The Search (1948) - Rotten Tomatoes

The Search (1948)




Critic Consensus: No consensus yet.

Movie Info

Although Montgomery Clift shot this film following Red River (1948), it was released six months earlier and the combined success of both immediately made him a star. The film, which was the first to be made in Europe after WWII with an American director and cast, was partially based on Europe's Children, a book of photographs by Therese Bonney documenting the orphans of the war. Shot in the American occupied zone of Germany, much of the film, the product of years of research, was based on actual incidents. It opens at the UN Relief and Rehabilitation Administration camp at which war orphans, who have been found wandering through bombed-out ruins, are given temporary housing. The severely traumatized children, many of whom are survivors of concentration camps whose parents are dead, find normal communication almost impossible. Karel Malik (Ivan Jandl), a young Czech boy, is one of these. His mother, Hanna (Jarmilia Novotna), lost contact with him when they were in Auschwitz and she now travels from one refugee camp to another in search of her son. While being transported in an ambulance, some of the children, including Karel, break out and scatter. American G.I. Ralph Stevenson Clift finds him wandering aimlessly, takes him back to his base to feed him, and begins to teach him English. ~ Michael Costello, Rovimore
Rating: Unrated
Genre: Drama, Art House & International, Classics
Directed By:
Written By: Richard Schweizer, Paul Jarrico, David Wechsler
In Theaters:
On DVD: Jun 24, 1992

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Jarmila Novotna
as Mrs. Malik
Montgomery Clift
as Ralph Stevenson
Ivan Jandi
as Karel Malik
Aline MacMahon
as Mrs. Murray
Wendell Corey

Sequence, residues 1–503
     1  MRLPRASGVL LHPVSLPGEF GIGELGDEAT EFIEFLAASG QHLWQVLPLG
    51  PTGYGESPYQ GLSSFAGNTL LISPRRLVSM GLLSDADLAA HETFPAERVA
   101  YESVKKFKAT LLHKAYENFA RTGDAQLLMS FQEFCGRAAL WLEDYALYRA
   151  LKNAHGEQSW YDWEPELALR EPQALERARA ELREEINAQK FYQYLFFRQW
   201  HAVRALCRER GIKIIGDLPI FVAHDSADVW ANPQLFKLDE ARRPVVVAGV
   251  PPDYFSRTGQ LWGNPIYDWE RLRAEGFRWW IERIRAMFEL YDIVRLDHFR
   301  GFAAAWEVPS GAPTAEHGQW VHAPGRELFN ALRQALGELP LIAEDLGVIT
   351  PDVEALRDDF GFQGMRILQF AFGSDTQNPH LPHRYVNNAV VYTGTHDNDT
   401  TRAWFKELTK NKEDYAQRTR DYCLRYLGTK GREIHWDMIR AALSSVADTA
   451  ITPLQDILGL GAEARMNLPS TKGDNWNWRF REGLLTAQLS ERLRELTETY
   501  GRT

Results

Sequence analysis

as Jerry Fisher
Mary Patton
as Mrs. Fisher
Edward G. Robinson
as Mr. Crookes
William Rogers
as Tom Fisher
Claude Gambler
as Raoul Dubois
Leopold Markowski
as Joel Makowsky
Claude Gambier
as Raoul Dubois
Ewart G. Morrison
as Mr. Crookes
Leopold Borkowski
as Joel Makowsky
Show More Cast

News & Interviews for The Search

Critic Reviews for The Search

All Critics (9) | Top Critics (3)

Although there's a slight suspicion that (as in Rossellini's work from this period) the plight of children is being used as a sort of emotional shorthand, the integrity and moving effect of this piece is never really in doubt.

Full Review… | February 9, 2006
Time Out
Top Critic

The Search, in our estimation, is a major revelation in our times.

Full Review… | May 20, 2003
New York Times
Top Critic

Full Review… | March 26, 2009
Top Critic

A moving wartime drama about orphaned children that's directed in a simple semi-documentary style.

Full Review… | May 13, 2008
Ozus' World Movie Reviews

Zinnemann and Clift received Oscar nominations and Jandl won a special juvenile Oscar for his haunting portrayal of the tragic child.

Full Review… | November 1, 2007
TV Guide's Movie Guide

Both a well-modulated immersion in the experience of stunned and stranded children and a time-capsule of the scarred land and crumbled cityscapes of Germany after the war.

Full Review… | October 18, 2007
Nick's Flick Picks

Audience Reviews for The Search


It holds a strong impact due to its devastating subject matter, with also a beautiful score and Montgomery Clift in a wonderful Oscar-nominated performance, but it starts to become more like a melodrama after its excellent first hour and the dialogue more and more artificial.

Carlos Magalh„es

Super Reviewer


Great looking film in war torn Germany. It's about a holocaust surviving kid who's wondering around Berlin alone and befriends a G.I.(Monty). Monty takes him in teaches him English,how to drive,etc... It's Keith's wet dream.

cody franklin

Super Reviewer


★★★★ (out of four)

A wonderfully heartfelt film directed by Fred Zinnemann. It takes place just after World War II when it was shot. Many of the scenes were actually shot amongst the ruble of several German cities and features several of the children of the area.

Montgomery Clift strikes gold with his first film released. A young boy names Karel (Ivan Jandl) has lost his family and has been living in a concentration camp. He is scared and alone like all the other children. He meets an American army engineer (Clift) who takes a liking to the boy, teaching him english and caring for him.

It is a great film, possibly Zinnemann's best and Clift deserves his first Oscar nomination.


Steve Smith

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